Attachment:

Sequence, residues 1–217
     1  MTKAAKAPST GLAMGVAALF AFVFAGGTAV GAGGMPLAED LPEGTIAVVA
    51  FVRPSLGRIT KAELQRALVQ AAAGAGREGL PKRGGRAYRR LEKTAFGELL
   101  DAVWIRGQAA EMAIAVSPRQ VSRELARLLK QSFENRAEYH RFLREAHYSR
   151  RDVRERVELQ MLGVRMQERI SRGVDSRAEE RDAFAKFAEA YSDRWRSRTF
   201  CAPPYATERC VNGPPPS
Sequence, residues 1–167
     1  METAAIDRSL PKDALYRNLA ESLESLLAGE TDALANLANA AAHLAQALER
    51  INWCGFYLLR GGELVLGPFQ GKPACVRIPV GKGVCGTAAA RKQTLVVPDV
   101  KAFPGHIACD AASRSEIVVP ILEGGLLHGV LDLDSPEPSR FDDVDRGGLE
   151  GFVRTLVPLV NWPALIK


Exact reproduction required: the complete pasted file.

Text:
Sequence, residues 1–217
     1  MTKAAKAPST GLAMGVAALF AFVFAGGTAV GAGGMPLAED LPEGTIAVVA
    51  FVRPSLGRIT KAELQRALVQ AAAGAGREGL PKRGGRAYRR LEKTAFGELL
   101  DAVWIRGQAA EMAIAVSPRQ VSRELARLLK QSFENRAEYH RFLREAHYSR
   151  RDVRERVELQ MLGVRMQERI SRGVDSRAEE RDAFAKFAEA YSDRWRSRTF
   201  CAPPYATERC VNGPPPS
Sequence, residues 1–167
     1  METAAIDRSL PKDALYRNLA ESLESLLAGE TDALANLANA AAHLAQALER
    51  INWCGFYLLR GGELVLGPFQ GKPACVRIPV GKGVCGTAAA RKQTLVVPDV
   101  KAFPGHIACD AASRSEIVVP ILEGGLLHGV LDLDSPEPSR FDDVDRGGLE
   151  GFVRTLVPLV NWPALIK